Posts Tagged ‘Bret Morgan’


135 minutes | MPAA rating: PG-13

I was always aware of David Bowie, but never a fan, exactly.  Saw him perform during the Ziggy Stardust tour of ’72, but as the years passed found myself more of a Springsteen guy.

Still, Bowie has lurked on the periphery of my cultural consciousness, occasionally moving in to take a place of some prominence before receding once more.

The doc “Moonage Daydream,” though, has given me a new appreciation of the self-described Thin White Duke.  It may be time for a fresh  immersion in all things Bowie.

Written and directed by Brett Morgan (“The Kid Stays in the Picture,” “Cobain: Montage of Heck”), this is not your conventional documentary bio.

The two-hour-plus film pretty much ignores Bowie’s personal life.  It’s not particularly chronological.  There’s no omniscient narrator guiding us through, no cultural critics rhapsodizing about Bowie’s contributions. The only narration is provided by Bowie himself, culled from dozens of private recordings and public interviews. 

There are, of course, a load of musical performances, but this isn’t a concert film. In fact, Morgan’s guiding premise is that Bowie (who died in 2916 at age 69) was consumed with artistic expression, no matter what the format or packaging.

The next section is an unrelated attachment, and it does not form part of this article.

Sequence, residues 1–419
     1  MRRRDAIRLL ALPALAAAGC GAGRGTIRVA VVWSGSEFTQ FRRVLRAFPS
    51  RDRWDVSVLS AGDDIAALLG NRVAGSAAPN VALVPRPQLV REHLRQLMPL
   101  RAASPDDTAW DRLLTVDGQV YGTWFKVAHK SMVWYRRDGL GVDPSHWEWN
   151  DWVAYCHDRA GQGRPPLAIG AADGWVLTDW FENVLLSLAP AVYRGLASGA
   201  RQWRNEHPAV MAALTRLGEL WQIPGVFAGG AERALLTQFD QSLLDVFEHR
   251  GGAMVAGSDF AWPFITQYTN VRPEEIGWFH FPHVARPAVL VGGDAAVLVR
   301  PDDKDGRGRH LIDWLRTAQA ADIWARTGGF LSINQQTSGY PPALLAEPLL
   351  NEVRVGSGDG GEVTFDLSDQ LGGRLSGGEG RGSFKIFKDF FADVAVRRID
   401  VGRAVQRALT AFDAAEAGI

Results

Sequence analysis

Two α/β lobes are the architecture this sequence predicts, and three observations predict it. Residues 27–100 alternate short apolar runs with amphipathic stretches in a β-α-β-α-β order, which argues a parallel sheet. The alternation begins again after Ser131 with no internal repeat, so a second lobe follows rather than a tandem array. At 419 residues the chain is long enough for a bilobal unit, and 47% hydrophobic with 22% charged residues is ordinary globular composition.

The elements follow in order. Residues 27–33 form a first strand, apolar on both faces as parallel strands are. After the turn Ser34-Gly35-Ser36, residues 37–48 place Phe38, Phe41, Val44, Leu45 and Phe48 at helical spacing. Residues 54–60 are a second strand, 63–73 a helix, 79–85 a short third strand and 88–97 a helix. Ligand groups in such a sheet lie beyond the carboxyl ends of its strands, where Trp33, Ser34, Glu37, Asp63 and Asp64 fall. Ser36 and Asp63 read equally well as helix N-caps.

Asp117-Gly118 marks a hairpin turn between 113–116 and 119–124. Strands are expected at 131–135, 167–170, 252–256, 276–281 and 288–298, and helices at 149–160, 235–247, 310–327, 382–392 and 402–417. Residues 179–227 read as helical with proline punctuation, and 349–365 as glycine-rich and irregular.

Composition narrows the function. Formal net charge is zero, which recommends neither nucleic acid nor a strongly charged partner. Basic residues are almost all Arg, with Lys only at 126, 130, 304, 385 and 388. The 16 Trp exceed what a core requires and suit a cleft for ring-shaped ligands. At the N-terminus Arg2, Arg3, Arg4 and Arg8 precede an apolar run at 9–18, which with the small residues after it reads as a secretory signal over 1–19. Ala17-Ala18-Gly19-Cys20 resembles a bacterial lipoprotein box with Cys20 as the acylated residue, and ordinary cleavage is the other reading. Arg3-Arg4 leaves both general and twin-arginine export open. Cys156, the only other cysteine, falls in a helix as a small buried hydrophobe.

By “art” I mean not just pop music but also acting, writing, painting, fashion…the guy viewed his entire life as one big act of creation (“I never wanted to appear onstage as myself”). Small wonder he described himself as a “generalist.” 

What Morgan has given us here is a sort of visual/aural acid trip, an impressionistic deluge of images and sounds (Morgan provides the brilliant light-speed editing) that defy rational analysis and asks viewers simply to open up and to absorb the waves of Thin White Dukedom that come percolating out of the screen.

This means that “Moonage Daydream” is not for first-timers looking for a David Bowie survey course.  It’s aimed at fans of longstanding who will immediately recognize  and resonate with key moments from their man’s career, and who will synthesize all this new material into their mental/emotional caches of Bowie-dom.

| Robert W. Butler

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